Revisiting Resilience - A Free Offer!
Back in the mists of time (2008, actually) when most believed that a banking crisis was the worst thing that could happen, we became aware that the prospect of personal catastrophe affects people in very different ways. Some of the leaders of the financial institutions we worked with were galvanised, others pole-axed. The characteristic that determined what category they would fall into was a (then) little-studied aspect of personality: personal resilience - or the ability to bounce back from adversity. We created a psychometric tool to measure it - the Nicholson McBride Resilience Quotient (RQ), which many of our clients used, along with a range of techniques designed to boost their ability to respond to serious challenge. By 2011, it had become clear that the coalition government's austerity programme was going to hit local government particularly hard. With the support of the Local Government Association and the London Councils' organisation, we conducted a sector-specific National Resilience Survey, when we made the RQ available to all local government officers, as a way to help sustain their resilience and that of the teams they managed during a period of steadily diminishing resources. When the Covid pandemic struck in 2020, we made the same offer of free resilience support to all the organisations we were then supporting.
As a result of all this activity we now have a large RQ database, which we would like to expand further, as a way of preparing a new edition of our book Resilience: bounce back from what life throws at you. To help with the research, we are offering you the opportunity to assess - or reassess - your personal resilience quotient, by completing the RQ. You will then receive your personal resilience profile, plus suggestions for boosting your ability to cope with the political and economic turmoil we continue to experience. You will not be charged for the exercise, though the RQ normally costs £30. This offer ends on 30th June. Thank you for your help.
To take the questionnaire:
Go to https://testyourrq.nicholsonmcbride.com/ and click "Start now" to create an account
Once you are logged in, click "Take questionnaire" and enter this access code when prompted: 5611193926
The questionnaire takes around 5-10 minutes to complete and is followed by a short demographic survey, which is entirely optional. Once you’ve submitted your questionnaire, you will receive your personalised report automatically by email.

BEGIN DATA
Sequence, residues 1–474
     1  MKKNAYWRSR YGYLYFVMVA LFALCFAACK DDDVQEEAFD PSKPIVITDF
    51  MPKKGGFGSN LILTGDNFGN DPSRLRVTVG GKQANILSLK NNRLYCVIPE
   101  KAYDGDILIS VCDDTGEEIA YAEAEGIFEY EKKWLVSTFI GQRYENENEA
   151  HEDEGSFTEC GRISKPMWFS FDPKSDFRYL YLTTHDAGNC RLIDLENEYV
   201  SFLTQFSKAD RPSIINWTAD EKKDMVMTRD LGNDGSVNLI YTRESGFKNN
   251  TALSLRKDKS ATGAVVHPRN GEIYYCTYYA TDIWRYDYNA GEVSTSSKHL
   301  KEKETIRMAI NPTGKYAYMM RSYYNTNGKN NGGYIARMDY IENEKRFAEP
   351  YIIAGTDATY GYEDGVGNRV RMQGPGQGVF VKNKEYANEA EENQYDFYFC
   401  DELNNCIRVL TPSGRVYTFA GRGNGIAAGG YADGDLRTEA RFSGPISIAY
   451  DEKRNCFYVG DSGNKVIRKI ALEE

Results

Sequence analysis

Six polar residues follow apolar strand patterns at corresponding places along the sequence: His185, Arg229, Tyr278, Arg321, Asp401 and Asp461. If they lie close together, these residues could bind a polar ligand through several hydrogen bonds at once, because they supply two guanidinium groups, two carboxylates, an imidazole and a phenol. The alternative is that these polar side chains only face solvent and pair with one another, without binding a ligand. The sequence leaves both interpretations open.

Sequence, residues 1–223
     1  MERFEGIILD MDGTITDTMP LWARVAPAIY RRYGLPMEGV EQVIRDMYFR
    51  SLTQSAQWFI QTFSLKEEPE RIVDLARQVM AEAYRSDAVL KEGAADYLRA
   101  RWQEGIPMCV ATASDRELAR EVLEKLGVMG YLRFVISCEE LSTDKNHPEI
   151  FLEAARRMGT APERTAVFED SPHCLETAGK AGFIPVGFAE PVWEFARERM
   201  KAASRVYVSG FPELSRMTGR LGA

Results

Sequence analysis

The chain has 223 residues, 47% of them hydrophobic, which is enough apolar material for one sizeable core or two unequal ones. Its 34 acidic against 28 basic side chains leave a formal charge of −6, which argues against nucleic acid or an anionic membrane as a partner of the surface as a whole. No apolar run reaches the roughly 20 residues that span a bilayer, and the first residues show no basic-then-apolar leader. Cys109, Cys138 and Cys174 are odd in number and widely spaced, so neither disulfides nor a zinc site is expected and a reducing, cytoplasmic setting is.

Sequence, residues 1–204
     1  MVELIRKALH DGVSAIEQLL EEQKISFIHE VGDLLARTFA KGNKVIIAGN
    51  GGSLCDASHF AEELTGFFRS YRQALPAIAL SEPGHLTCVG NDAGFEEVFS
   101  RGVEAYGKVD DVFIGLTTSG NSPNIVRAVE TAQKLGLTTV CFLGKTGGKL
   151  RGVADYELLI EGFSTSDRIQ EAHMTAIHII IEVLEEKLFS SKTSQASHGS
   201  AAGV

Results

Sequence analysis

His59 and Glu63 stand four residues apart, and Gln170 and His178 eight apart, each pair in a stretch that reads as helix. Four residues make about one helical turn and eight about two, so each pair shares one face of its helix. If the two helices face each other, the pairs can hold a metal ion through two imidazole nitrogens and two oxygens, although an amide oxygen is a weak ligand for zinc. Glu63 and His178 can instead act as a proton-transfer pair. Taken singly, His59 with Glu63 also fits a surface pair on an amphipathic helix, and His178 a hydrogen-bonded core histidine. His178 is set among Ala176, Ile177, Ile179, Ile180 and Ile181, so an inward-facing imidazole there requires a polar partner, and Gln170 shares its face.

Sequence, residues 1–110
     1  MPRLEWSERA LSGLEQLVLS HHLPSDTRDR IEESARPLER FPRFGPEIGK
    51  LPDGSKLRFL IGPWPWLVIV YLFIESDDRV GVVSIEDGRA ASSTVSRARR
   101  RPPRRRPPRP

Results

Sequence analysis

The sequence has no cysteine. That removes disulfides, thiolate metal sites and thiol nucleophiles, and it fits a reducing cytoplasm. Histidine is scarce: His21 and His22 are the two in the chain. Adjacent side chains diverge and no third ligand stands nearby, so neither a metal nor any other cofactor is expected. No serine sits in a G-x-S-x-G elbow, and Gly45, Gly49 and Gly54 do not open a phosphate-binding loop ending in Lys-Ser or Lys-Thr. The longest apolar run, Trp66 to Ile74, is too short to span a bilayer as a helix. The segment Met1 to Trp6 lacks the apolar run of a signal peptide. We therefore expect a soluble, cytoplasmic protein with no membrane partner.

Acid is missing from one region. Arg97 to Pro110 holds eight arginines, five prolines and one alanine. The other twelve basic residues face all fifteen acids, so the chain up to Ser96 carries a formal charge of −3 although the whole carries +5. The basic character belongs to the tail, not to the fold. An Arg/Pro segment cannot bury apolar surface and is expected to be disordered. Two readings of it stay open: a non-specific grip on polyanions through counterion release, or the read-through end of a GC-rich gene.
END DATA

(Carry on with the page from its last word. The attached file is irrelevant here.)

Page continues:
If you have any questions, please contact us at firstname.lastname@example.org
Jane Clarke & Dr John Nicholson
Sashaying on the ice floe
We are all aware of the huge personal, professional and psychological cost of the pandemic. The damage to individuals, now and in the longer-term, cannot be underestimated. But in our work as business psychologists, we have also observed significant issues for organisations. One particularly problematic by-product of Covid has been its impact on collaborative working, team effectiveness and the quality of decision-making – not least at the top-level.
In the early months of the emergency, many leaders were pleasantly surprised by how smoothly their people adjusted to virtual working. Benefits flowed from wholeheartedly embracing digitalisation and challenging old ways of working. Fundamental changes were introduced at stunning speed. And as the first year of lockdown progressed, it became clear that homeworking was not causing the decline in productivity which traditionalists had predicted. So thoughtful companies began to revisit some assumptions and consider how best to reinvent themselves.
The mood music at the beginning of Covid Year 2 – spring to early summer 2021 – was mixed. There were two huge positives. The development and delivery of effective vaccines, much earlier than anticipated, had transformed the zeitgeist; the NHS too had confounded pessimistic predictions that it would buckle under the dreadful tsunami of serious cases in the early months of the pandemic. Cases and constraints were declining, and leadership teams were eagerly looking forward not just to getting back to work, but to experimenting with new ways of working and applying procedures developed under extreme pressure to a new normality.
Then the virus fought back, its mutations making a nonsense of a universal longing to call an end to the pandemic and its impact on every aspect of our lives. Homeworking still had compensations, especially for introverts and for those whose circumstances allowed them to create a comfortable and productive workspace. But the cracks were showing. The novelty of the situation had worn off, as had the belief that we were ‘all in this together’. Political leaders, who had enjoyed a rare surge of popular support and protection as a result of “simply following the science” were now meeting push-back.
In corporate life, too, forbearance was giving way to frustration. Complaints of Zoom/Teams fatigue became commonplace. The pandemic may have made people more cautious about changing jobs, but it hadn’t altogether stopped the flow of talent between organisations. What was different was that almost all recruitment was now being conducted virtually, at every level. New CEOs, appointed on the basis of their performance on-screen, were seeking to establish their credibility with senior colleagues they had never met in person. Informal exposure was severely reduced, but there was no let-up in the need to make decisions, many of which reflected changes in Government policy affecting working conditions and social practices. They were tough decisions, even for experienced senior teams of individuals who knew each other well, led by someone they respected and following an agreed modus operandi.
By late 2021, at least some of the organisations we were supporting were suffering from the absence of clear, confident direction. Their leaders were struggling to unite people around a common goal. As a result, we observed a tendency for those reporting to them to narrow their focus and revert to what felt like a safer approach to their job: just get on with the business of the business, get your head down and plough through the workload, without worrying too much about what other people are up to. It may not have been a conscious decision, just something that evolved, but it was detrimental to effective teamworking at a time when organisations had never been more in need of collective and inclusive leadership.